Boris Johnson discusses Northern Ireland protocol
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Every adult will be offered at least one jab by around June 10, beating the government’s target of the end of July, the research company Airfinity estimates. The EU as a whole is forecast to reach the same milestone by the first week of August.
Germany is set to hit the target by July 7, while France is not likely to reach the same point until early August.
Imperial College London estimated that lockdown costs up to £18billion a month – allowing the early release date to earn the UK up to an extra £36billion – when compared with the EU’s ability to be able to relax rules.
The research confirms the advantage secured by Britain after the government chose not to join the EU’s vaccine procurement scheme.
Its position partly reflects the decision to prioritise first doses and delay booster shots, a strategy not initially followed on the continent.
Instead, Britain made its own deals while investing in domestic manufacturing and the Oxford-AstraZeneca jab.
A separate estimate by Dr Katharina Hauck, of Imperial College London, suggests that lockdown costs the UK at least £18 billion a month in GDP.
This calculates that the vaccination campaign, thought to cost £12 billion, will pay for itself by the end of the summer.
Lockdown restrictions are planned to end on June 21, as long as the vaccine continues to be successful and hospital admissions stay in check.
This depends on vaccine supplies increasing, with Britain getting its first jabs from Moderna, Janssen and Novavax before the summer.
Production setbacks or delays in regulatory clearance could cause the dates to slip.
Robert Yates, a former senior health economist for the World Health Organisation who is now at the Chatham House think tank, said: “The vaccine issue is highly political and there continues to be this race among western nations to be seen to be ahead.”
Mr Johnson was hoping to “pull a rabbit out of a hat and gloss over the [UK’s] failings earlier on”, he added.
The government’s target is to offer all adults a first jab by the end of July.
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Kwasi Kwarteng, the business secretary, said last week that a date in June was possible, adding: “There’s no reason why we can’t be optimistic”.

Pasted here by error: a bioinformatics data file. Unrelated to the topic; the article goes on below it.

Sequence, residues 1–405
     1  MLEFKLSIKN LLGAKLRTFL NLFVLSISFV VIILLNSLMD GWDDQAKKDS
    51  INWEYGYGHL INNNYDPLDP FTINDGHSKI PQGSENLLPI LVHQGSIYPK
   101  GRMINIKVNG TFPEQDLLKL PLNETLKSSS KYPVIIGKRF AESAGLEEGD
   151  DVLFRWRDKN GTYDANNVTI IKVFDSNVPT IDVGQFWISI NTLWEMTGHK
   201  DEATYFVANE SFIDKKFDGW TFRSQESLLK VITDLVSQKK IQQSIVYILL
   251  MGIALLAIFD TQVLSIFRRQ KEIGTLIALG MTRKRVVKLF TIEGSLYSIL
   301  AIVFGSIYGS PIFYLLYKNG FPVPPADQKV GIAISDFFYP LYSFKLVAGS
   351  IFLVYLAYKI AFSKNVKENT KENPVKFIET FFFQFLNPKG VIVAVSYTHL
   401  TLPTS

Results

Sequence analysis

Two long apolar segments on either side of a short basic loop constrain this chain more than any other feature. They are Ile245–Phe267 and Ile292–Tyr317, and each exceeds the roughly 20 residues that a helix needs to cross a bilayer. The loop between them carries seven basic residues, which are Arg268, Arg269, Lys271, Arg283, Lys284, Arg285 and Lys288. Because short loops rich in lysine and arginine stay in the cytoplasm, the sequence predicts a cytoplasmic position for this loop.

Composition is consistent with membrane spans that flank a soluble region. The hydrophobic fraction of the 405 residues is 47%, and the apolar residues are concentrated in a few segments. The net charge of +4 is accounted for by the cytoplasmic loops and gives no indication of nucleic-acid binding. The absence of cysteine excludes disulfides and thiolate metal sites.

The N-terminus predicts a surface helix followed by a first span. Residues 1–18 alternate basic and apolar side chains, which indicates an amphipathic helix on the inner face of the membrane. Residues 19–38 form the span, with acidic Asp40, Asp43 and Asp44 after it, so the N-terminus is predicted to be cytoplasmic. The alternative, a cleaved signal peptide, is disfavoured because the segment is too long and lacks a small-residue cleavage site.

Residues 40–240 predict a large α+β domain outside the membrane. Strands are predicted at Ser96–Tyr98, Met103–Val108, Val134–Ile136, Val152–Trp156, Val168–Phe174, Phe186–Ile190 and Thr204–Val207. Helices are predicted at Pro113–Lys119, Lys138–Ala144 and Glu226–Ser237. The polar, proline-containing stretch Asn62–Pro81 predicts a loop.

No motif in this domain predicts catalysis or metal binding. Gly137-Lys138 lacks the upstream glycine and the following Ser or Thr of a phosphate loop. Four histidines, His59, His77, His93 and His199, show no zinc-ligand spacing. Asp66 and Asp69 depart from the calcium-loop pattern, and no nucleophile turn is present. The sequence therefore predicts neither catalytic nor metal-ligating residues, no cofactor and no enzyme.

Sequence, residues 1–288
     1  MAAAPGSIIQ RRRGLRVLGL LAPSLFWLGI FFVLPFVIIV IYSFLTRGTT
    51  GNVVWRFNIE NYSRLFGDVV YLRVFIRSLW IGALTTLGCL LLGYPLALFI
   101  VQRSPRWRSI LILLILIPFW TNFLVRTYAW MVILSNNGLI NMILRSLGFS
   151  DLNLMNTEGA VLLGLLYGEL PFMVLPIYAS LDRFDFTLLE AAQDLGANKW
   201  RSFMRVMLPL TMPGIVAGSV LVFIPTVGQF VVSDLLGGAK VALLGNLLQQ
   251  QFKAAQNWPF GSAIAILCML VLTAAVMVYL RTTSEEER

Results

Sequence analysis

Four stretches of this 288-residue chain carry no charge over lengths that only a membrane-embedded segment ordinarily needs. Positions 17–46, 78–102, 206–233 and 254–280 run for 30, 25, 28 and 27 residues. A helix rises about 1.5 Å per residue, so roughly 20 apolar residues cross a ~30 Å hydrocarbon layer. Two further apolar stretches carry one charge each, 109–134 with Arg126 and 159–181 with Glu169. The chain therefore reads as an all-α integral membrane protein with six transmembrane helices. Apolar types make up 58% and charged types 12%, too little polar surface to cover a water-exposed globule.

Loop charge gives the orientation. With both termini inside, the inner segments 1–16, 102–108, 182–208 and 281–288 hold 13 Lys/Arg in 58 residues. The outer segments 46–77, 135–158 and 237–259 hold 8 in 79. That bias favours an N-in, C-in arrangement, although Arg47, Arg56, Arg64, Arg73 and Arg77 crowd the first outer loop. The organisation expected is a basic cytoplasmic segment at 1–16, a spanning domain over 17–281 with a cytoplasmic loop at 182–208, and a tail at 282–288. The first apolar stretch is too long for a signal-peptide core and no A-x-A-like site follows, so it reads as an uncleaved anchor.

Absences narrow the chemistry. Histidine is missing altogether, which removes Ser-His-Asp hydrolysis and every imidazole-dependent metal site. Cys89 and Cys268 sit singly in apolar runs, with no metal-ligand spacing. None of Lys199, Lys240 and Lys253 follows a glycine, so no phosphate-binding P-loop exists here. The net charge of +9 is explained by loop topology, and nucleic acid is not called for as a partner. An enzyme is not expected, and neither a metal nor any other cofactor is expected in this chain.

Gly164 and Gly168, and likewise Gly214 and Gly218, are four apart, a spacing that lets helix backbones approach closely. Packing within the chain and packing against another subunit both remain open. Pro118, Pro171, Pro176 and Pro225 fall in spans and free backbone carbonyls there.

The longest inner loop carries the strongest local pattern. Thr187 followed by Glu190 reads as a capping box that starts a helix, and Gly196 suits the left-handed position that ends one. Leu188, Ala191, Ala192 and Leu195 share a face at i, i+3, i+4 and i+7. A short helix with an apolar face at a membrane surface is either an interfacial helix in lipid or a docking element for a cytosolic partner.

The Imperial College estimate suggests that the cost of stringent lockdown is as much as £37 billion a month in lost GDP, based on the damage to the economy last spring.
However, Dr Hauck emphasised that there was a high degree of uncertainty.
She told The Times: “The estimate £37 billion is high because it is based on the very optimistic assessment that the economy would function as normal if we had no lockdown.
“In reality, a catastrophic pandemic would likely result in drastic changes to economic output and cause consumers and businesses to buy and produce less goods and services.
“But even if the cost of the full lockdown is half of that estimate, about £18 billion, then a vaccination programme costing £12 billion would be cost-saving if we avoided just one month of stringent lockdown.”
Official figures released yesterday suggested that the latest lockdown has caused less economic damage than expected, with the economy shrinking by 2.9 percent in January.
This was below forecasts for a 4.9 percent decline and a fraction of the 18.3 percent collapse in April last year, the last time that schools were ordered to close.
The Airfinity forecast assumes that nearly two million doses of the Oxford-AstraZeneca vaccine and about 600,000 of the Pfizer-Biontech vaccine will be administered on average each week.
An additional 90,000 doses would come from Moderna each week, starting next month.
For the second quarter of the year, there would also be an average of about a million doses a week from Novavax and 254,000 from Janssen.
If overall supply increased by 10 percent, every adult could receive one dose by June 2 and if it increased by 25 percent the date would be May 25.
If supplies decreased by 10 percent the date would slip to June 28. If they fell by 25 percent it would be August 4.
The estimates are for how long it will take each country to give at least one dose to 75 percent of its population.
Rasmus Hansen, the chief executive of Airfinity, said that the EU fell behind Britain in part because it made the mistake of viewing vaccination “as a pure procurement challenge: “we just need to buy some vaccines at good prices.”
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